Kv4.2 trafficking in CA1 pyramidal neuron dendrites. We previously reported that neuronal stimulation results in a redistribution of Kv4.2 channels away from dendritic spines to the dendritic shaft. This activity-dependent redistribution of Kv4.2 required activation of NMDA-type glutamate receptors and calcium influx, two requirements shared with synaptic plasticity, which is thought to underlie learning and memory. Given the nonuniform distribution of Kv4.2 channels in CA1 dendrites, Mike Nestor performed experiments to test the hypothesis that Kv4.2 channels are differentially trafficked at different regions along the apical dendrite during basal activity and upon stimulation in CA1 neurons. Proximal (50-150 um from the soma, primary and oblique) and distal (>200 um) apical dendrites were selected. The fluorescence recovery after photobleaching (FRAP) technique was used to measure basal cycling rates of EGFP-tagged Kv4.2 (Kv4.2g). We found that the cycling rate of Kv4.2 channels was one order of magnitude slower at both primary and oblique dendrites between 50-150 um from the soma. Kv4.2 channel cycling increased significantly at 200-250 um from the soma. Expression of a Kv4.2 mutant lacking a phosphorylation site for protein kinase-A (Kv4.2gS552A) abolished this distance-dependent change in channel cycling;demonstrating that phosphorylation by PKA underlies the increased mobility in distal dendrites. These results indicate that distance-dependent Kv4.2 mobility is regulated by activity-dependent phosphorylation of Kv4.2 by PKA. Postbac Josh Lee has followed up this project, aiming to uncover the pathway of internalized Kv4.2 as well as proteins that may be involved in directing its path. To date, he has shown that ubiquitin and ubiquitin ligase Nedd4-2 interact with Kv4.2 when overexpressed in a non-neuronal cell line. In the same cell line, he has shown that ubiquitin facilitates degradation of Kv4.2 compared to the basal rate of degradation. We are simultaneously conducting experiments to visually track the movement of Kv4.2. Colocalizing Kv4.2 with markers of well characterized endosomal compartments will reveal its pathway. In a collaboration with the Juan Bonifacino lab, Postbac Laura Long is examining the interaction of Kv4.2 with the clathrin-associated adaptor protein complex AP-1A. AP-1A is responsible for intracellular trafficking and has recently been implicated in determining receptor polarity in neurons. Molecular approaches have confirmed that Kv4.2 does indeed interact with AP-1A, and coimmunoprecipitation and yeast in situ hybridization assays suggest that this binding occurs on both the N terminal and C terminal tails of Kv4.2. She is currently investigating the functional implications of this interaction through imaging and shRNA knockouts. Functional role of the Kv4.2 auxiliary subunits: DPP6 Studies in heterologous expression systems have shown that Kv4.2 subunits interact with transmembrane DPP6 proteins to regulate channel trafficking and properties. The DPP6 auxiliary subunit protein, which is expressed in CA1 neurons, has recently been identified in large copy-number variants screens from some populations as an Autism Spectrum Disorder and ALS target gene. DPP6 enhances the opening probability of Kv4 channels and increases channel surface expression in heterologous systems. In dendritic recordings from DPP6 knock out mice, graduate student Wei Sun discovered that DPP6 is critical for generating the A-type K+ current gradient observed in CA1 dendrites. The loss this gradient led to hyper-excitable dendrites, with implications for information storage and coding. This year, researcher Lin Lin showed in a Nature Communications paper that knockdown and genetic deletion of DPP6 reveals its importance for the formation and stability of dendritic filopodia during early neuronal development. Additionally, hippocampal neurons lacking DPP6 showed a sparser dendritic branching pattern along with fewer spines throughout development and into adulthood. In electrophysiological and imaging experiments we showed that these deficits lead to fewer functional synapses and occur independently of the potassium channel subunit Kv4.2. We report that the extracellular domain of DPP6 interacts with a filopodia-associated myosin as well as with fibronectin in the extracellular matrix. DPP6 therefore plays an unexpected but important role in cell-adhesion and motility, impacting hippocampal synaptic development and function. Role of Kv4.2 channels in synaptic plasticity and development We have found that altering functional Kv4.2 expression level leads to a rapid, bidirectional remodeling of CA1 synapses. Neurons exhibiting enhanced A-type K+ current (IA) showed a decrease in relative synaptic NR2B/NR2A subunit composition and do not exhibit a form of synaptic plasticity called long-term potentiation or LTP. Conversely, reducing IA by expression of a Kv4.2 dominant negative or through genomic knockout of Kv4.2 led to an increased fraction of synaptic NR2B/NR2A and enhanced LTP. Our data suggest that A-type K+ channels are an integral part of a synaptic complex that regulates Ca2+ signaling through spontaneous NMDA receptor activation to control synaptic NMDA receptor expression and plasticity. Additional advances from postdoc Eunyoung Kim included an investigation into the role of Kv4.2 in controlling the expression of synaptic NMDA receptors in vivo and during development. Synaptic NR2B fraction is developmentally regulated with implications for synaptic plasticity and learning and memory as well as diseases associated with learning impairments. Dr. Kim published a 2013 Journal of Neuroscience paper showing that in vivo injection of virus to alter Kv4.2 expression levels bidirectionally regulates NR2B subunit expression throughout development. Dendritic intrinsic excitability changes in disease Intrinsic excitability changes have been observed upon drug addiction. Cocaine is an addictive drug with psychostimulant effects that are attributed to inhibition of the dopamine transporter, which increases dopaminergic transmission. Chronic exposure to cocaine leads to neurodaptations in several voltage membrane conductances of neurons localized in the medial prefrontal cortex (mPCF) and nucleus accumbens. Postdoc Emily Campanac published a paper this year showing repeated cocaine exposure increases fast-spiking interneuron excitability in the rat mPFC. After cocaine withdrawal, interneurons showed an increase in action potential firing, increased input resistance, and decreased hyperpolarization-activated current. We also observed a reduction in miniature excitatory postsynaptic currents, whereas miniature inhibitory postsynaptic current activity was unaffected. In animals with cocaine history, dopamine receptor D(2) activation was less effective in increasing interneuron intrinsic excitability. Interestingly, these alterations are only observed 1 wk or more after the last cocaine exposure. This suggests that the dampening of D(2)-receptor-mediated response may be a compensatory mechanism to rein down the excitability of interneurons. Neuronal hyperexcitability is an early feature of Alzheimers disease. The underlying cellular mechanisms are unclear however. Postbac Ben Throesch directly examined dendritic excitability by patch-clamp recordings on dendrites of hippocampal neurons in mice expressing increased levels of amyloid-β. In a paper in preparation, he describes his results showing that neuronal dendrites were hyper-excitable due to a decrease in Kv4.2 expression, while the soma showed normal firing.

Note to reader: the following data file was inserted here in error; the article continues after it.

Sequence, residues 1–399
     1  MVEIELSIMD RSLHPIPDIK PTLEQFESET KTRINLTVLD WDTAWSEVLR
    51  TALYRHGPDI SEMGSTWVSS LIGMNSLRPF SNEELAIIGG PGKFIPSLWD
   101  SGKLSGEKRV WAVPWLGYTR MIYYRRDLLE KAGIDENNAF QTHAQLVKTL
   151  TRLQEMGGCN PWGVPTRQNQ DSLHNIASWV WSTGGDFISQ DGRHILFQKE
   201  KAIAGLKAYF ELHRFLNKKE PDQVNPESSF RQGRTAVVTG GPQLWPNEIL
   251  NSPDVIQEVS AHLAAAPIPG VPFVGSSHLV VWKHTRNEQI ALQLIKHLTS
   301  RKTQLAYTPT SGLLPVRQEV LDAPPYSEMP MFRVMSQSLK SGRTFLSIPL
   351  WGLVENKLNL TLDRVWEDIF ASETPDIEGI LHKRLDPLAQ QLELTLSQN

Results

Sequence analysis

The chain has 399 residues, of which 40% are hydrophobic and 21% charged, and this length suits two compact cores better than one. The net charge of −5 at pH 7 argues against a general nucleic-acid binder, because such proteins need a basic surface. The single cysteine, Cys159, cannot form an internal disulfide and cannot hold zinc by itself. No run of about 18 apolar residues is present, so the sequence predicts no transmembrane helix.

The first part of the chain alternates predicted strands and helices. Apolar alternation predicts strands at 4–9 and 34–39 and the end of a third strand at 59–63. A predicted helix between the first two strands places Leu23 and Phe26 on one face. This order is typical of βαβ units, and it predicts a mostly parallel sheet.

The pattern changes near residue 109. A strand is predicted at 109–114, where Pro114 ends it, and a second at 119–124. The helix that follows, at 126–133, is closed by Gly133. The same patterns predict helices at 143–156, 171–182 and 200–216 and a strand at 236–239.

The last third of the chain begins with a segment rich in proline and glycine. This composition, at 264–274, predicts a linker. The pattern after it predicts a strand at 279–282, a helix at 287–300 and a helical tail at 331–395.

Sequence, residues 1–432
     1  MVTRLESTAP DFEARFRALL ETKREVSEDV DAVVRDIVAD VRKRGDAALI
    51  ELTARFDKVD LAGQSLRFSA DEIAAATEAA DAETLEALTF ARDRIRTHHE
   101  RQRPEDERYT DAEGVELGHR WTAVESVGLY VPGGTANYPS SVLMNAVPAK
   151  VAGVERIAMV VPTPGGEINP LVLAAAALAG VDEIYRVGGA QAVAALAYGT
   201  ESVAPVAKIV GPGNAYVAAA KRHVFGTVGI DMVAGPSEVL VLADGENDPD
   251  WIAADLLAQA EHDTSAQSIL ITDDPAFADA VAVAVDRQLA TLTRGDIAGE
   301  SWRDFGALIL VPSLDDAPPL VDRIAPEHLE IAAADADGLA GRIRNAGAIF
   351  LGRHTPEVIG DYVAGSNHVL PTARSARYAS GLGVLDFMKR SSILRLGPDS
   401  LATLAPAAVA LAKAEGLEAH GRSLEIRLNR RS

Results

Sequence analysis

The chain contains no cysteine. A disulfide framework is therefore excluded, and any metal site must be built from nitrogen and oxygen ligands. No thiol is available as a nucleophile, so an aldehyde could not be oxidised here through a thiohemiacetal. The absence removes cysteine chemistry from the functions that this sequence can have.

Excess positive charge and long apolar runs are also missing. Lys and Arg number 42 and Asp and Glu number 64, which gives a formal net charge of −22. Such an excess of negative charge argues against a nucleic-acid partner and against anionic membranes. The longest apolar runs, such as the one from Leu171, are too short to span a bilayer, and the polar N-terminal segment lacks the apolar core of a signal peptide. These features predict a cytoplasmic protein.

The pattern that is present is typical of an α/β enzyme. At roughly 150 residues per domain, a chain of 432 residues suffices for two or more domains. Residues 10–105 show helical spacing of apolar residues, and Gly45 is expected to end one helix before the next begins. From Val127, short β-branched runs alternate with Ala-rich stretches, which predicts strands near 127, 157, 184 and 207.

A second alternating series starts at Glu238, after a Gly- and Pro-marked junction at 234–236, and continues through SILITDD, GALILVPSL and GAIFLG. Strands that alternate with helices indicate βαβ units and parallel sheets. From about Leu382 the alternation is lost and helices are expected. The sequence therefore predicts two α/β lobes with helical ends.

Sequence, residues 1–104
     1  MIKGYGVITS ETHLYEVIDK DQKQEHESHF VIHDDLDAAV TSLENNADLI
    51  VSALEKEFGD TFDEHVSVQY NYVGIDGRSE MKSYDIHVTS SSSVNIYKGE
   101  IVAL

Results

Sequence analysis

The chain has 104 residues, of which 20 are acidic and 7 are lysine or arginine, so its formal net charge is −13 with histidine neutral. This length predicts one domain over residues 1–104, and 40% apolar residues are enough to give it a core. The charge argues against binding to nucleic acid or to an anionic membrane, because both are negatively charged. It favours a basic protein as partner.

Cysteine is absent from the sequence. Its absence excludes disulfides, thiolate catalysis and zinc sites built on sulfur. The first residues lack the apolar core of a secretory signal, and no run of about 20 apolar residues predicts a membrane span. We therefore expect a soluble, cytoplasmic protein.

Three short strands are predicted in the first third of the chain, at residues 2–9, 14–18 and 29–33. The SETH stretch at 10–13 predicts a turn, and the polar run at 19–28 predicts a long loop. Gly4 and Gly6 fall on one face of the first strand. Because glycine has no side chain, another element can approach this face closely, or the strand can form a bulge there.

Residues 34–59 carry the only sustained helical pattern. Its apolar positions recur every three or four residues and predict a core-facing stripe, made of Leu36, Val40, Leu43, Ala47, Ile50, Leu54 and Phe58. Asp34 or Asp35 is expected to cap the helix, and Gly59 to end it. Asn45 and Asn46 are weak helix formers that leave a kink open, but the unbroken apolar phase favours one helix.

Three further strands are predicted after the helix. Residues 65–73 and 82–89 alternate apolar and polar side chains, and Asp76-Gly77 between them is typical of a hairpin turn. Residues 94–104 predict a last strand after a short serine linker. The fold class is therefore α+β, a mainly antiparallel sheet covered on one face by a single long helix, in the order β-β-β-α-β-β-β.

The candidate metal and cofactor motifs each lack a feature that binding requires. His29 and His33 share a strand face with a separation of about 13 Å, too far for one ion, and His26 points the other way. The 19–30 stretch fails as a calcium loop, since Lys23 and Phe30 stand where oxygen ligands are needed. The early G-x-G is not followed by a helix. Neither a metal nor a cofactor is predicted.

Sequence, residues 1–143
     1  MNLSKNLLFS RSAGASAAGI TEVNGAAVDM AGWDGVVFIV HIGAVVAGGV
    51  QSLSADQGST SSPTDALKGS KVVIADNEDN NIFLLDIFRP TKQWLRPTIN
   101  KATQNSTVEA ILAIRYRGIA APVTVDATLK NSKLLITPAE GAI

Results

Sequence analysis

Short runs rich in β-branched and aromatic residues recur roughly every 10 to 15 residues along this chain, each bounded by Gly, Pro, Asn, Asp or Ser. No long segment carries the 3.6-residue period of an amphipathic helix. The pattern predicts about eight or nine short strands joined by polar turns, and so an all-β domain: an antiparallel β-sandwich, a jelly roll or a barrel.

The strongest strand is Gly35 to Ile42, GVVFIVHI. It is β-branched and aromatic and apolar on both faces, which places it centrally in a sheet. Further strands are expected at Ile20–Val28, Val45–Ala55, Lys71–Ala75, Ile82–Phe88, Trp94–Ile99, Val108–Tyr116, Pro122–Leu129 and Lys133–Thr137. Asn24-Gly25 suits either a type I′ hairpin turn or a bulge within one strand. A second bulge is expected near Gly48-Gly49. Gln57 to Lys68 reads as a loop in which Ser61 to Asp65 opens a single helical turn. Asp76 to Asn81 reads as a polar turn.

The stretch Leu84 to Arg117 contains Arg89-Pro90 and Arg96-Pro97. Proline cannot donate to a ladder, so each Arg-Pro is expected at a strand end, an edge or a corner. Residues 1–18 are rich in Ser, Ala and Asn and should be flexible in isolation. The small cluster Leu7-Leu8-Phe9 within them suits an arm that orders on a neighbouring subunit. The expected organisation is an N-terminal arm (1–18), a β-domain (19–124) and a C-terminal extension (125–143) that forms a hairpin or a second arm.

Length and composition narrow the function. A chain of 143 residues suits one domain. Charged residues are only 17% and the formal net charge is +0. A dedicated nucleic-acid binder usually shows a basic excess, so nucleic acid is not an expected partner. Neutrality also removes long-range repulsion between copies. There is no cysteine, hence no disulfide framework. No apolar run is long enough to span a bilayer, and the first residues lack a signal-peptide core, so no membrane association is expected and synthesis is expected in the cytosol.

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Liu, Xiaozhuo; Campanac, Emilie; Cheung, Hoi-Hung et al. (2016) Idiopathic Autism: Cellular and Molecular Phenotypes in Pluripotent Stem Cell-Derived Neurons. Mol Neurobiol :
Murase, Sachiko; Lantz, Crystal L; Kim, Eunyoung et al. (2016) Matrix Metalloproteinase-9 Regulates Neuronal Circuit Development and Excitability. Mol Neurobiol 53:3477-93
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Lin, Lin; Sun, Wei; Throesch, Ben et al. (2013) DPP6 regulation of dendritic morphogenesis impacts hippocampal synaptic development. Nat Commun 4:2270